Richard Henry Dana Sr.

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Richard Henry Dana Sr.


Richard Henry Dana Sr. (November 15, 1787 – February 2, 1879) was an American poet, critic and lawyer. His son, Richard Henry Dana Jr., also became a lawyer and author.


Richard Henry Dana was born in Cambridge, Massachusetts on November 15, 1787, the son of Federalist judge Francis Dana.[1] He graduated from Harvard College and became a lawyer. He married Ruth Charlotte Smith and they had four children including Richard Henry Dana Jr. Despite having graduated from there, Dana accused Harvard of smothering genius, and believed that the minds of poets were more insightful than the general community.[1] He seldom practiced law.

Dana's home on Beacon Hill, Boston

Between 1817 and 1827, he was the first American to write major critiques of Romanticism, though his views were unconventional for his time.[2] In a review of the poetry of Washington Allston, he noted his belief that poetry was the highest form of art, though it should be simple and must avoid didacticism.[2] Dana also criticized the Transcendentalism movement. He wrote, "Emerson & the other Spiritualists, or Supernaturalists, or whatever they are called, or may be pleased to call themselves... [have] madness in their hearts".[2] Dana was a member of the Anthology Club. In 1817 he and others in the club founded the North American Review.[3][4] as an outlet for his criticism, though he lost editorial control of it on account of his opposition to standard conventions.[5] Though some of his criticisms were controversial when first published, by 1850 his opinions were conventional. As he wrote at the time, "Much that was once held to be presumptuous novelty... [became] little better than commonplace".[2]

As a writer of fiction, Dana was an early practitioner of Gothic literature, particularly with his novel Paul Felton (1822), a tale of madness and murder.[2] The novel has also been called a pioneering work of psychological realism alongside works by William Gilmore Simms.[6] Dana had difficulty supporting his family through his writing, which earned him only $400 over 30 years.[7] In 1849, he was elected into the National Academy of Design as an Honorary Academician.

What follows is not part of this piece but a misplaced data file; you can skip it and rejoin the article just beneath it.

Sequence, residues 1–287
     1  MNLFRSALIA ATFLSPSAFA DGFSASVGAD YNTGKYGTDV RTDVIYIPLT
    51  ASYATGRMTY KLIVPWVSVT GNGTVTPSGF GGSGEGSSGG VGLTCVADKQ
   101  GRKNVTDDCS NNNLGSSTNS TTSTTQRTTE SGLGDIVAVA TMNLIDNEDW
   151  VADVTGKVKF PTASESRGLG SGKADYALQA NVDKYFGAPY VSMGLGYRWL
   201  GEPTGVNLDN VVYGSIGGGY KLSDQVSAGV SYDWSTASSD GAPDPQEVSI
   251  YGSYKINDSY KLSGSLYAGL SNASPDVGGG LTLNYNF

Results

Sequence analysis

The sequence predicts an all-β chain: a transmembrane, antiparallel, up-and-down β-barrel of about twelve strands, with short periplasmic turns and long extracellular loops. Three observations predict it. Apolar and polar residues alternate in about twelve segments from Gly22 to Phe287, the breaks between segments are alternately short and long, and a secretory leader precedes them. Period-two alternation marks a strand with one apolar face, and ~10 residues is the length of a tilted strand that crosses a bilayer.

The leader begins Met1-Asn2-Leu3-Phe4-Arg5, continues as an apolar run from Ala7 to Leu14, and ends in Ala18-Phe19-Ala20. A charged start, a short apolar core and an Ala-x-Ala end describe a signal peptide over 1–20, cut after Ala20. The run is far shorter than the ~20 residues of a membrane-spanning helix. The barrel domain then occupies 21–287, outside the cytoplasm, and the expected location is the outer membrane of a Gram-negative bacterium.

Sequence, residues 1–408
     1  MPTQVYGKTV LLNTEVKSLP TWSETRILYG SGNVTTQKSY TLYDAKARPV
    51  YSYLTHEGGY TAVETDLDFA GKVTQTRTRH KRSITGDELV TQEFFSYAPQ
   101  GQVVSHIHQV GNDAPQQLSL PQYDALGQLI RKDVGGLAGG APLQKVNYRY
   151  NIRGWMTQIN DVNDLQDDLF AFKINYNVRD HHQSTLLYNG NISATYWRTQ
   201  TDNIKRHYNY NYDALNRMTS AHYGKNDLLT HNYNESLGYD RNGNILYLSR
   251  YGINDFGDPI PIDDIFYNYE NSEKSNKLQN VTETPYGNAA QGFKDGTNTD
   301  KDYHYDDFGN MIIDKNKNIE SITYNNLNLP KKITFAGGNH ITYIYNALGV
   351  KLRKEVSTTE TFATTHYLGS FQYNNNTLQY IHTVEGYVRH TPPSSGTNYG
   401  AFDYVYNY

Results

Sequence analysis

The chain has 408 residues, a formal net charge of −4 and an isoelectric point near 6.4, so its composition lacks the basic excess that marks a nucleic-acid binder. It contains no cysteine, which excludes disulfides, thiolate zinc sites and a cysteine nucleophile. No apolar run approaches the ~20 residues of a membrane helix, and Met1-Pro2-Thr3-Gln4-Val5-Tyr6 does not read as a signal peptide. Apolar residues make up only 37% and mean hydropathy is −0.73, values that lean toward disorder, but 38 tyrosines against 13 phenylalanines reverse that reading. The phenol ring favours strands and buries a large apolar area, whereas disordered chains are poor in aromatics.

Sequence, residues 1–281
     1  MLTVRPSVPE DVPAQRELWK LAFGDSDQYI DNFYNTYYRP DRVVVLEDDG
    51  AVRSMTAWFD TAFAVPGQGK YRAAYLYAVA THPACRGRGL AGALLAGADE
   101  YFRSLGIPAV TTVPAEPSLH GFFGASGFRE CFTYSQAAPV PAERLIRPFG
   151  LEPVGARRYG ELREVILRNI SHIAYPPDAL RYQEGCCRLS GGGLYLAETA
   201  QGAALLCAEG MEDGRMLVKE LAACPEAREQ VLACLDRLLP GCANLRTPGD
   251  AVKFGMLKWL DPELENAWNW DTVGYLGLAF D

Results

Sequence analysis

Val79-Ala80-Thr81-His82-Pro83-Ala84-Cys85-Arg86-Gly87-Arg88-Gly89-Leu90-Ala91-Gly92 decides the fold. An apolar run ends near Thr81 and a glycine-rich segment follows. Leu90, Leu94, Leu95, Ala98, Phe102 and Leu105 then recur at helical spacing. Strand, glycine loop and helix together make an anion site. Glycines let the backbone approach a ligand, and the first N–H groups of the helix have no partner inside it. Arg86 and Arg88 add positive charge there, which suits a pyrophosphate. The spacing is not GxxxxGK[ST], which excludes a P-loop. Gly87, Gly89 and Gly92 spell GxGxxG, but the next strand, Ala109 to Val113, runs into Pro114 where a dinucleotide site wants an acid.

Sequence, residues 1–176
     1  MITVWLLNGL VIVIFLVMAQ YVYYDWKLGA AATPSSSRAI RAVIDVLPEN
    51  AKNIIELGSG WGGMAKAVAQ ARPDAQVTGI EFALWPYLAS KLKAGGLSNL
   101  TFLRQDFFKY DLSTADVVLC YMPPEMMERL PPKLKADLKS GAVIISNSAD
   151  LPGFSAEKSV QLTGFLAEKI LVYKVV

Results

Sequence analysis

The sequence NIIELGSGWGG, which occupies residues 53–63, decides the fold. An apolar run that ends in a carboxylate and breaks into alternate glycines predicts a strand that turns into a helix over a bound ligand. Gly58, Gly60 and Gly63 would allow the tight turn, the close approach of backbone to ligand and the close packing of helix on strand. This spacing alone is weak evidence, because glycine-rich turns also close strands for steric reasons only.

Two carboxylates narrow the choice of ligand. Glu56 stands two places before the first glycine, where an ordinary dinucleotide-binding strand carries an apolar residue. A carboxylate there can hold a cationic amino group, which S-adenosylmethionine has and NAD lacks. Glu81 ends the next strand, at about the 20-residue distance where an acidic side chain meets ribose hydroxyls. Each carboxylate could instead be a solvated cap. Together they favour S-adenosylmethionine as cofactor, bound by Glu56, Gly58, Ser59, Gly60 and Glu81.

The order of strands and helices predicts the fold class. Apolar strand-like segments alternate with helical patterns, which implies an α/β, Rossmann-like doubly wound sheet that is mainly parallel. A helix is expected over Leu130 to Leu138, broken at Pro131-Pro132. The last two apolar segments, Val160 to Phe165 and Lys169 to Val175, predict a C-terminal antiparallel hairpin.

He lived on Chestnut Street in Boston's Beacon Hill neighborhood, ca. 1840s-1870s.[8]

Dana family grave marker, Cambridge

Dana died on February 2, 1879, and was buried in the family plot at the Old Burying Ground next to the First Parish in Cambridge.


  • An oration, delivered before the Washington benevolent society at Cambridge, July 4, 1814. Printed by Hilliard and Metcalf, 1814.
  • The Idle Man. v.1 (1821-1822)
  • Paul Felton (1822)


  1. ^ a b Haralson, Eric L. Encyclopedia of American Poetry: The Nineteenth Century. Chicago: Fitzroy Dearborn Publishers, 1998: 115. ISBN 1-57958-008-4
  2. ^ a b c d e Ferguson, Robert A. (1984). Law and Letters in American Culture. Cambridge, MA: Harvard University Press. pp. 249–50, 252. ISBN 0-674-51465-3. 
  3. ^ Brickhouse, Amanda. Transamerican Literary Relations and Nineteenth-Century Public Sphere. New York: Cambridge University Press, 2004: 151. ISBN 0-521-84172-0
  4. ^ Encyclopædia Britannica, 11th ed. 1910
  5. ^ Haralson, Eric L. Encyclopedia of American Poetry: The Nineteenth Century. Chicago: Fitzroy Dearborn Publishers, 1998: 115–116. ISBN 1-57958-008-4
  6. ^ Pfister, Joel. The Production of Personal Life: Class, Gender, and the Psychological in Hawthorne's Fiction. Palo Alto, CA: Stanford University Press, 1991: 52–53. ISBN 0-8047-1948-9
  7. ^ Sullivan, Wilson. New England Men of Letters. New York: The Macmillan Company, 1972: 99. ISBN 0-02-788680-8
  8. ^ Boston Directory. 1848, 1852, 1861, 1873

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